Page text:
Perhaps lost in the shuffle of the coming High Point municipal election — itself buried underneath the state, federal and judicial midterm races on the ballot — is a referendum giving voters of the city an opportunity to set things right.
The issue is to bring High Point elections back to the way things were before 2005, and in line with the rest of the Triad’s cities. If it passes, High Point City Council elections will switch to odd-numbered years in 2017 and a nonpartisan primary system will be restored, paring down the candidates to the two with the most votes, regardless of party affiliation.
We got here because of 2005, when just 6,000 people voted in the city’s municipal election, about 6 percent. Council decided to piggyback on presidential and midterm elections, which are much more popular.
There are dozens of elections on a typical midterm ballot, from the undercard judicial races to the middleweight state races to the main event: races for the US Senate and House of Representatives.
It worked, to a degree. Voter turnout most definitely went up. But there may have been unintended consequences.
The even-year elections mean that a primary election cannot be held, because state races must hold their primary in May and municipal candidates don’t file to run until July. So the fields became crowded over the last two cycles, creating a mathematical issue of majority.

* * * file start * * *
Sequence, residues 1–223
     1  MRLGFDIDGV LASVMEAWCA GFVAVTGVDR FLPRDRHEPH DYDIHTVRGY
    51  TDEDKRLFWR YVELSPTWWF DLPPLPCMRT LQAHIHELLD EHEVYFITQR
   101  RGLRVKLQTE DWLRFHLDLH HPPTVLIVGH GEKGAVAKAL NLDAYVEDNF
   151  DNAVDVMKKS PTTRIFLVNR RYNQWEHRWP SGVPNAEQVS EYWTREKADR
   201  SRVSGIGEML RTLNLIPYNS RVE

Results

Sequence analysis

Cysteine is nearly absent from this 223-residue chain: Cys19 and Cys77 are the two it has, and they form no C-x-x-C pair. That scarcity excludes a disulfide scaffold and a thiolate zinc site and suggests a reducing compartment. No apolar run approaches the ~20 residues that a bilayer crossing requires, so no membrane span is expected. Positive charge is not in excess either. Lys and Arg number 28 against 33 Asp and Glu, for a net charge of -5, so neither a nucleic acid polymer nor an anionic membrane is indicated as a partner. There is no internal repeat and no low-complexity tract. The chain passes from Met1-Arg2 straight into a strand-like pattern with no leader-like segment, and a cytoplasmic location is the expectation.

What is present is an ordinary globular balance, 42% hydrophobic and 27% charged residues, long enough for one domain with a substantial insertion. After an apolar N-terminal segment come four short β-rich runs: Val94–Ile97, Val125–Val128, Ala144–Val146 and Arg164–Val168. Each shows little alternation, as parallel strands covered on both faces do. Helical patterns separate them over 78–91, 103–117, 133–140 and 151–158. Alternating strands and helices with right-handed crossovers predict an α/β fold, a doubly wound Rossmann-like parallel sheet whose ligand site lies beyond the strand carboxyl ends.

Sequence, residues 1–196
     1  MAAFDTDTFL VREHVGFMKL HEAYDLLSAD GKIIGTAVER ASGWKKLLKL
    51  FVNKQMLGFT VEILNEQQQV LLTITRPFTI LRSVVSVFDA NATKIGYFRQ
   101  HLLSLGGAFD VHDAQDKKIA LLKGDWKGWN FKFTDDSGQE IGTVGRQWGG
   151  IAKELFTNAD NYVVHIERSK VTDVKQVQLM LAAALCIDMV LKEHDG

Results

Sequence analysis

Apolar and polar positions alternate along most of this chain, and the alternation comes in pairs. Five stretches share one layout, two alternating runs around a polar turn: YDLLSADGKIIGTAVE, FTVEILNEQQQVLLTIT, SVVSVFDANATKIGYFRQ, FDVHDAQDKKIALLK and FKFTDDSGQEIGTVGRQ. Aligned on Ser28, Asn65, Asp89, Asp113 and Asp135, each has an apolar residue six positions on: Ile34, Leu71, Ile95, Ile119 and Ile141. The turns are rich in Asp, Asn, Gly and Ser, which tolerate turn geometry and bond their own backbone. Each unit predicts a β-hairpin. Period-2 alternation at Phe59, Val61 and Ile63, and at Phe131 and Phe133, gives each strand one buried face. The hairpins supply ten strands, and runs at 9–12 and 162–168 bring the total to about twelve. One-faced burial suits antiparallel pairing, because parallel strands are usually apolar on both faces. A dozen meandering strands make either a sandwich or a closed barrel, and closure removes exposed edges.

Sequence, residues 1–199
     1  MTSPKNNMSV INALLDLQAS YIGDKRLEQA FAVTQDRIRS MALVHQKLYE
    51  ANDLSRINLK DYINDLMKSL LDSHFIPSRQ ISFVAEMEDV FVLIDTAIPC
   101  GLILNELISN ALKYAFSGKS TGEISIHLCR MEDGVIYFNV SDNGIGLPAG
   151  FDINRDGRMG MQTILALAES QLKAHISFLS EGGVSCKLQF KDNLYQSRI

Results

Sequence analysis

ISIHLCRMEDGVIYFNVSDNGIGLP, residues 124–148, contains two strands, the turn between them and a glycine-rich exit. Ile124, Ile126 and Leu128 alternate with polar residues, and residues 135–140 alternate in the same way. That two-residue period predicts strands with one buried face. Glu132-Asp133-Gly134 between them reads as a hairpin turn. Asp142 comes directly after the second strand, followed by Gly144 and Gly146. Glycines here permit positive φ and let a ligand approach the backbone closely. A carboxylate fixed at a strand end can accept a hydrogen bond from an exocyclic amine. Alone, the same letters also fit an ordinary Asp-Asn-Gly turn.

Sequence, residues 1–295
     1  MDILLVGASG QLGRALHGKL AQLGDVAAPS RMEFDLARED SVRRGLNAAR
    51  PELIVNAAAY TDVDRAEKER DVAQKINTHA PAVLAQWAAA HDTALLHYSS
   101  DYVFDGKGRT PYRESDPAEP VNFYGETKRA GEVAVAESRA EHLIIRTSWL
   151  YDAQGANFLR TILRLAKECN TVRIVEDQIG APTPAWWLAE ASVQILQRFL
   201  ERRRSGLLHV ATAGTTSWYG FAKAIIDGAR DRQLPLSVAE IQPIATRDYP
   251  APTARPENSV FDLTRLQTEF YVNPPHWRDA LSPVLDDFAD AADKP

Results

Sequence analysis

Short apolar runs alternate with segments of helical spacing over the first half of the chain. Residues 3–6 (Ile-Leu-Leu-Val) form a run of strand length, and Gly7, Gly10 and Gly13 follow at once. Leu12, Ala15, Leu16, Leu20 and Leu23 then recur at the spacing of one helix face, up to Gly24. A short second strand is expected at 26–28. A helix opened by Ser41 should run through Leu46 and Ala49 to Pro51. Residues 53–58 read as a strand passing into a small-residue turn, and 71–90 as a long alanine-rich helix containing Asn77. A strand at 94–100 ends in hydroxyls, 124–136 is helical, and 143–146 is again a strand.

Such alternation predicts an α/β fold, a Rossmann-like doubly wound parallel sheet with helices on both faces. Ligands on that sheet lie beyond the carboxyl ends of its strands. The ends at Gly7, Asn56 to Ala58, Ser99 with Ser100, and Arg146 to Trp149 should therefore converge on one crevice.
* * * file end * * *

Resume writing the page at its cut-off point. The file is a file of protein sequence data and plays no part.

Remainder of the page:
And it’s pretty much how High Point got its first black mayor, so it wasn’t without its upsides.
Most of the talk about switching back began after 2012, when Bernita Sims became the first black mayor of High Point by capturing about 12,000 votes of more than 36,000 cast for the five candidates.
Sims is also the first mayor of High Point in recent memory to resign her post because of felony charges, to which she pled guilty, so there’s that, too.
But regardless of its provenance, the change is a positive one. High Point needs a clear mandate from its voters, undiluted by the noise of the big-money, even-year races. And there needs to be a clear winner of elections in every ward as well as the at-large and mayor’s seats.
High Point is confusing enough already.
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